A dedication ceremony of the Washington Gladden Social Justice Park in Columbus, Ohio, USA. A park dedicated to social justice.
A dedication ceremony of the Washington Gladden Social Justice Park in Columbus, Ohio, USA, A park dedicated to social justice.
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Social equity is concerned with justice and fairness of social policy. Since the 1960s, the concept of social equity has been used in a variety of institutional contexts, including education and public administration.

Equity within a society is different from social equality because it takes into account the individual differences that people may have when seeking an equal outcome. Equity describes equal outcomes for groups, also called substantive equality.[1] For example, person A may have no difficulty walking, person B may be able to walk but with some difficulty, whilst person C may be unable to walk at all. Equality would be providing each of those three people with the same opportunities or aids. Per our example, if persons A, B, and C receive a wheelchair, this is a form of equality. Equity, on the other hand, would look different from equality because it would instead cater to each individual's differing needs. For the same example, person A may not receive any aids, person B may receive a walking stick, whilst person C may receive an electric wheelchair.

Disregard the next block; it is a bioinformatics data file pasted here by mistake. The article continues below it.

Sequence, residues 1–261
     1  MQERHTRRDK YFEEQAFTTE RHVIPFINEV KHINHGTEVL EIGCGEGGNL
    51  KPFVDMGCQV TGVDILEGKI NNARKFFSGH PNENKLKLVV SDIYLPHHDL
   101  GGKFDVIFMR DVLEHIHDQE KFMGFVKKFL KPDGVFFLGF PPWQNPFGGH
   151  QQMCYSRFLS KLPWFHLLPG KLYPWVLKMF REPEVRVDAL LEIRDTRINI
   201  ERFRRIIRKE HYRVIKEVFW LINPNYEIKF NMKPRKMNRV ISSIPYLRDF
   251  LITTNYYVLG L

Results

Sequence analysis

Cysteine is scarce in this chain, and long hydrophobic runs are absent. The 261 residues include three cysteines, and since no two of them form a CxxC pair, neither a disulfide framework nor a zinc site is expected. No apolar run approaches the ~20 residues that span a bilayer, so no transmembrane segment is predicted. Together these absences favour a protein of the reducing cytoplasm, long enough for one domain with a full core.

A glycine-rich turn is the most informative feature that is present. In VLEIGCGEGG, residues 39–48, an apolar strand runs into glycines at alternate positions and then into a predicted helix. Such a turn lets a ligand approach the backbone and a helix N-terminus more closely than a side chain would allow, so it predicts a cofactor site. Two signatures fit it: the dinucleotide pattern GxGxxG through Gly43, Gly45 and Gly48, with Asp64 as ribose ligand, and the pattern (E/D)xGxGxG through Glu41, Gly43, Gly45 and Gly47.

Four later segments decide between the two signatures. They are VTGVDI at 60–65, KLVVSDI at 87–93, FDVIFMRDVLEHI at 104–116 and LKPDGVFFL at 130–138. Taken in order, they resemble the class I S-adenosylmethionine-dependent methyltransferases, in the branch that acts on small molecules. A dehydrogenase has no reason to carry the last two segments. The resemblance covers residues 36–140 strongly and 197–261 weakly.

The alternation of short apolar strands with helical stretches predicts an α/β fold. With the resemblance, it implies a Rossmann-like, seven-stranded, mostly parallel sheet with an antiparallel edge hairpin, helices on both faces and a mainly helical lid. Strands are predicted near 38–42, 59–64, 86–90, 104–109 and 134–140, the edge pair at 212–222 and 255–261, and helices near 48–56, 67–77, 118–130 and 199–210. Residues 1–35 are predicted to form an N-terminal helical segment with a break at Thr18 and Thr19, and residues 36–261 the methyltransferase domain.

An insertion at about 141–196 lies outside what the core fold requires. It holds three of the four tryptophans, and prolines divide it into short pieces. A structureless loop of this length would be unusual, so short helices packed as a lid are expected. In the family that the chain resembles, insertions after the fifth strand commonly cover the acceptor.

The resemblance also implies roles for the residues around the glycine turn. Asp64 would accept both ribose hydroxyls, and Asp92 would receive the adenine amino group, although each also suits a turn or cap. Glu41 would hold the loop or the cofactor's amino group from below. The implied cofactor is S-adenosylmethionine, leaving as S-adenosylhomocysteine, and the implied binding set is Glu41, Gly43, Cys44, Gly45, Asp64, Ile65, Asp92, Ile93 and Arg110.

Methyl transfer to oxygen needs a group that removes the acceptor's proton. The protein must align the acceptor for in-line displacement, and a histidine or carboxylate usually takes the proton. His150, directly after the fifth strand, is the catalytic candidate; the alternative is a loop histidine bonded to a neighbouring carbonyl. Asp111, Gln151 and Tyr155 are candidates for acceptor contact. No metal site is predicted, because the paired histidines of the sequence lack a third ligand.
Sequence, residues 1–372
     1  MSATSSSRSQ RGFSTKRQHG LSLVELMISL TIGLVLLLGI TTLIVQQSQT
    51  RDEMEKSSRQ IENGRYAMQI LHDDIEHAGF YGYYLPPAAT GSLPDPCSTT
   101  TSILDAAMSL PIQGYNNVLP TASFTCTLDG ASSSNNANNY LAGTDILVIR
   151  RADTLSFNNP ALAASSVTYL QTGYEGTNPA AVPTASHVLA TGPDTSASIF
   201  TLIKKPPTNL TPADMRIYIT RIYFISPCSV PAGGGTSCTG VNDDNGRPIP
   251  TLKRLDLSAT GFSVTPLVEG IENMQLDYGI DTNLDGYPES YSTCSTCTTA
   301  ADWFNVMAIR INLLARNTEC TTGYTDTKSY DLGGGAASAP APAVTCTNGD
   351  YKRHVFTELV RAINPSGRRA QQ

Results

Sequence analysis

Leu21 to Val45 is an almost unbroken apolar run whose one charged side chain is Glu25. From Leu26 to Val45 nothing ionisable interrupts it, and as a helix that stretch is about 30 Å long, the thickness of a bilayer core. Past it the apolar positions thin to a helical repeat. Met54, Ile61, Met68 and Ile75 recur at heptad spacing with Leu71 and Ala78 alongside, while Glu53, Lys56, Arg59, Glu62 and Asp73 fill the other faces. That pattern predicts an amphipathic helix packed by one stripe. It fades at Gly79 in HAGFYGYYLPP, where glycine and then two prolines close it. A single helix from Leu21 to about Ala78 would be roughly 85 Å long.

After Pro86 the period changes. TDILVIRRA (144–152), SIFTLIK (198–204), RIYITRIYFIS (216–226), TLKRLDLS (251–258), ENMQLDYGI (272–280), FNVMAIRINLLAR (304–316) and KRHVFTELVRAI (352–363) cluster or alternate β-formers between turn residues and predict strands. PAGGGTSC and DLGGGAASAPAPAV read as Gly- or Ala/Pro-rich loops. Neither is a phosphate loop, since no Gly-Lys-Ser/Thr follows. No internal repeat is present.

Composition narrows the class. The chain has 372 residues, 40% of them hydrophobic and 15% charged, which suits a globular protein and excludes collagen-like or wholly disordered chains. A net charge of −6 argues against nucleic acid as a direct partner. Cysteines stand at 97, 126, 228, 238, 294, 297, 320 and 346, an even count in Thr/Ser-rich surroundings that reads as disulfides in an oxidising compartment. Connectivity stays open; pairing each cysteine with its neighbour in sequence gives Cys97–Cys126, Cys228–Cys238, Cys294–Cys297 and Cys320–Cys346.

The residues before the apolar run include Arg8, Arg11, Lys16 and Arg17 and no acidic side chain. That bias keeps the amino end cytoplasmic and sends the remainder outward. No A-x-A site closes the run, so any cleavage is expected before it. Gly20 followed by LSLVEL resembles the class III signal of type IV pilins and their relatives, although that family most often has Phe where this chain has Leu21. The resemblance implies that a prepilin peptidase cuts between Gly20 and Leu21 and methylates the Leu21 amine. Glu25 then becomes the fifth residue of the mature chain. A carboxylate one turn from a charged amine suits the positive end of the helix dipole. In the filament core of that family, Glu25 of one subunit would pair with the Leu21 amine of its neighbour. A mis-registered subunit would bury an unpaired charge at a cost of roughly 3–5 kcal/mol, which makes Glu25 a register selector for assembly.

Definitions of social equity can vary but all focus on the ideals of justice and fairness. Equity should involve the role of public administrators, who are responsible for ensuring that social services are delivered equitably. This implies taking into account historical and current inequalities among groups. Fairness is dependent on this social and historical context.[2]

In public administration

Attention to social equity in the field of public administration in the United States arose during the 1960s, amid growing national awareness of civil rights and racial inequality.[3]

The National Academy of Public Administration defines social equity as “The fair, just and equitable management of all institutions serving the public directly or by contract; the fair, just and equitable distribution of public services and implementation of public policy; and the commitment to promote fairness, justice, and equity in the formation of public policy.”[4]

In 1968, H. George Frederickson articulated "a theory of social equity" and put it forward as the 'third pillar' of public administration.[5] Frederickson was concerned that those in public administration were making the mistake of assuming that citizen A is the same as citizen B; ignoring social and economic conditions. His goal: for social equity to take on the same "status as economy and efficiency as values or principles to which public administration should adhere."[5]

Sex, gender and sexuality